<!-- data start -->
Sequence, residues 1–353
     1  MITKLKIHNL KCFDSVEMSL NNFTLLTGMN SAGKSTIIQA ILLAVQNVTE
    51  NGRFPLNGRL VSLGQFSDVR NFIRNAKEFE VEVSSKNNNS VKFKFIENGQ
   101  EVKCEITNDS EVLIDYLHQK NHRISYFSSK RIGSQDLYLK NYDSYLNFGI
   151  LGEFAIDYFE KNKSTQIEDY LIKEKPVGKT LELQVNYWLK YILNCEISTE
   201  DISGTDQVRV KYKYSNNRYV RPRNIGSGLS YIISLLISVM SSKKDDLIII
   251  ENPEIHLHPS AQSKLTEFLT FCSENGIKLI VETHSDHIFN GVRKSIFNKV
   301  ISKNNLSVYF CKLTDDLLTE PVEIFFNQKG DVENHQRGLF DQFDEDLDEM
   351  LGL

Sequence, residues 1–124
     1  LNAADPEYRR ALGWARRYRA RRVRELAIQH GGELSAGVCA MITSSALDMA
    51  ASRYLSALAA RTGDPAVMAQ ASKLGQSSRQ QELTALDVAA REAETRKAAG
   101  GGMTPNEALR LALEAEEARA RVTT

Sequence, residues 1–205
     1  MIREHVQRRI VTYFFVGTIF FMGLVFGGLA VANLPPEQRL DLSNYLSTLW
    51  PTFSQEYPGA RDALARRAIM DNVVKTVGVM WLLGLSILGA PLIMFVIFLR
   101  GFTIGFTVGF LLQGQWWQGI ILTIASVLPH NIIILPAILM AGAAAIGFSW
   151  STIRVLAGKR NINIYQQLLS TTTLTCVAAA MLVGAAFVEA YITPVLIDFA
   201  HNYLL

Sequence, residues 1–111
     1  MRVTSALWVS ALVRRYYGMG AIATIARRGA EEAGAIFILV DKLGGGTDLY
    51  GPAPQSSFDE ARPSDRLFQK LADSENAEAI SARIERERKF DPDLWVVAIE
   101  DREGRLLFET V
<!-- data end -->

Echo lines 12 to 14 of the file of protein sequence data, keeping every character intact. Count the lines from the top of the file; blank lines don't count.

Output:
    51  ASRYLSALAA RTGDPAVMAQ ASKLGQSSRQ QELTALDVAA REAETRKAAG
   101  GGMTPNEALR LALEAEEARA RVTT

Sequence, residues 1–205